I have also taken the time to reach out to the women I had victimized, through the Restorative Justice Program. Not fully convinced that they were willing to “hear” my “story”, and that the severity of my crime has not harmed them to the point where trusting strangers comes easily to them again, I have proactively changed my studies from a Bachelor of Arts in Psychology to Women’s Studies — determined to “know” their “stories” from a broader perspective. Although governmental cutbacks to prison educational funding has halted my studies, l will persist in seeking alternative funding.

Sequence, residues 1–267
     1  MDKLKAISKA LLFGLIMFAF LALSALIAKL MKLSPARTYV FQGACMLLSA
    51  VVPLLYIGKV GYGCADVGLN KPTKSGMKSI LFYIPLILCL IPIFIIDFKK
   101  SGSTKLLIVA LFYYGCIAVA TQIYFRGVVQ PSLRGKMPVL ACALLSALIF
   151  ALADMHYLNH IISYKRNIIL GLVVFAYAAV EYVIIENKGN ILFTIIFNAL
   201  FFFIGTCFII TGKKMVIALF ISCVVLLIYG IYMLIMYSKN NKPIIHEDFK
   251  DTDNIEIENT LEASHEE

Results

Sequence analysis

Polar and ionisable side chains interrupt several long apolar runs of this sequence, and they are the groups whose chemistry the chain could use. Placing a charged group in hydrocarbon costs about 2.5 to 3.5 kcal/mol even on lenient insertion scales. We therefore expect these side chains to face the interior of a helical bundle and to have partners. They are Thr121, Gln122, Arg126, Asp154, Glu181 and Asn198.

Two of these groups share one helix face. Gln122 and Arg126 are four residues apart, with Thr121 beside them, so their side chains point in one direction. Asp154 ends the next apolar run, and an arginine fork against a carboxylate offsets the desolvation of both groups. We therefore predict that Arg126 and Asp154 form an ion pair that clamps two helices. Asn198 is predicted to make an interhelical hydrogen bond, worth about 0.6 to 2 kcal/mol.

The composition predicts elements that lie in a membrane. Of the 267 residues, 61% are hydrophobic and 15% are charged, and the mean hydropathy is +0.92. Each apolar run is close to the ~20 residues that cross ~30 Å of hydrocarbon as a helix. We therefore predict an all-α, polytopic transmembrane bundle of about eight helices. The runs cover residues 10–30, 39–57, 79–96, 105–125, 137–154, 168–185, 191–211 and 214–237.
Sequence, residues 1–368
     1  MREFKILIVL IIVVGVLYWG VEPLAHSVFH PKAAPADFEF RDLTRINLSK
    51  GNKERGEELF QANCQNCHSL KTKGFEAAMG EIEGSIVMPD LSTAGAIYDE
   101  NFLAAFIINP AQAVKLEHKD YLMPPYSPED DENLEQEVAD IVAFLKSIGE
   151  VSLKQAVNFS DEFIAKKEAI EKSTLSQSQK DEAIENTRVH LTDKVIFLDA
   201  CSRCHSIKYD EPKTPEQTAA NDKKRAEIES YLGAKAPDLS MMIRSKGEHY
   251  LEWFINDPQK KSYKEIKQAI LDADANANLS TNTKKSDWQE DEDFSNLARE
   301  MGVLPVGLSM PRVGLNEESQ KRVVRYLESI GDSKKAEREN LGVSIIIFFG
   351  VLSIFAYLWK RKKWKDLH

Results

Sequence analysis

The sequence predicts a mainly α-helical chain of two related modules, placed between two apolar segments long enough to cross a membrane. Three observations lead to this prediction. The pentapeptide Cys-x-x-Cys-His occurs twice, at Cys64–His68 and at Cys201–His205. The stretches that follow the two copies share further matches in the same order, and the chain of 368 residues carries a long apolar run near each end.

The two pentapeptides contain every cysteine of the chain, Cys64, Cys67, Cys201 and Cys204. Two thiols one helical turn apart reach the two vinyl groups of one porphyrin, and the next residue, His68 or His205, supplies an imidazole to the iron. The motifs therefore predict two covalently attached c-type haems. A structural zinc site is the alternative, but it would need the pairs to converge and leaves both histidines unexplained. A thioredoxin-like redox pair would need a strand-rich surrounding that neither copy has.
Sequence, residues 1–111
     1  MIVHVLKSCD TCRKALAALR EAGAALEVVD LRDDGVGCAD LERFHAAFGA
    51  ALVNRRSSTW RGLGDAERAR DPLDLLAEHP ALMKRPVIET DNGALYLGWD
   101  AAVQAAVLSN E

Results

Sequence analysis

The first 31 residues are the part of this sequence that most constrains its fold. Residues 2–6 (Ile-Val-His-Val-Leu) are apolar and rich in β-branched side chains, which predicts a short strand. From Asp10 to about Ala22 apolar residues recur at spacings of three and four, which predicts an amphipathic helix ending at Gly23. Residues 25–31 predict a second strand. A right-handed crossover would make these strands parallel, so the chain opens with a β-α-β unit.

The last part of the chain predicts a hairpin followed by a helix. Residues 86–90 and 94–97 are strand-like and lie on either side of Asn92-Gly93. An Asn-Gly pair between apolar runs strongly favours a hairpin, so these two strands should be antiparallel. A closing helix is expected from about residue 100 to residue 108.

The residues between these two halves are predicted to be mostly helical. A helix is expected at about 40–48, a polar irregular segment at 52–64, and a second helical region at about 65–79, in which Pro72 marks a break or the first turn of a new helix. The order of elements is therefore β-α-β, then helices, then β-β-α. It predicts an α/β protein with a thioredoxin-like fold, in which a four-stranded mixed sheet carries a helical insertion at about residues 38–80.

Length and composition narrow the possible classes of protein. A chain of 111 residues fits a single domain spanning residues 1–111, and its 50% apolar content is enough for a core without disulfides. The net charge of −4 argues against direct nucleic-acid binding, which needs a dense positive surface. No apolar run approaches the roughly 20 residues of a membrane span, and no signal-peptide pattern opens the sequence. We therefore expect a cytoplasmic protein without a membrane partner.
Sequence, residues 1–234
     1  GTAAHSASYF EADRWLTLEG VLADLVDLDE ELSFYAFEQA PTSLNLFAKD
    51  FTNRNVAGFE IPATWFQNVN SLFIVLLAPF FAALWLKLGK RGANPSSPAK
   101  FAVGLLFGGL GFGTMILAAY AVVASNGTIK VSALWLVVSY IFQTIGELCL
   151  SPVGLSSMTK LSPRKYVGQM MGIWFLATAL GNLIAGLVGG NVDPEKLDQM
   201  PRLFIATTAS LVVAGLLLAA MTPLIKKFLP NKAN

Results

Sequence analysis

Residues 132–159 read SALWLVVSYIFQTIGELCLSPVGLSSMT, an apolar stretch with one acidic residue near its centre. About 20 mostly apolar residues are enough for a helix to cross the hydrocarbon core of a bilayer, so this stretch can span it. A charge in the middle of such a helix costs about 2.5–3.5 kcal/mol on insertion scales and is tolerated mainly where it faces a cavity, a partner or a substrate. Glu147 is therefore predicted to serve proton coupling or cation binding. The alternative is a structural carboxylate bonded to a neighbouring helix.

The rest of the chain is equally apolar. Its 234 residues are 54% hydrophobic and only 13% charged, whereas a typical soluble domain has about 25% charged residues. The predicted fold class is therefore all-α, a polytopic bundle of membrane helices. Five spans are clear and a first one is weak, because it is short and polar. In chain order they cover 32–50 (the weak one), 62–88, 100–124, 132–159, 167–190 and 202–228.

A Hidden Wholeness is not for the faint-hearted. For some of us, it is the difference between deciding to do something and really having to do it, and for some of us that can be a fairly large leap. Reading the book is easy enough, but to truly absorb its wisdom and apply it to one’s daily life, it is crucial to allow it room. Allowing its formation can be the safest way to approach it without feeling overwhelmed by the life-altering messages it sends us. Usually night-time is when I create that safe, encouraging space to explore and apply what you’ve taught me to the context of my life.

When Professor Pollack introduced us to your work, I doubt very much that it was her intent to change lives. But whether intentional or not, change lives it did. l I once read somewhere that there is positivity in all of us. Sometimes we just need a little something to bring it out. You, Mr. Palmer, are that “little something” for me and for that I am truly, and will be, eternally grateful.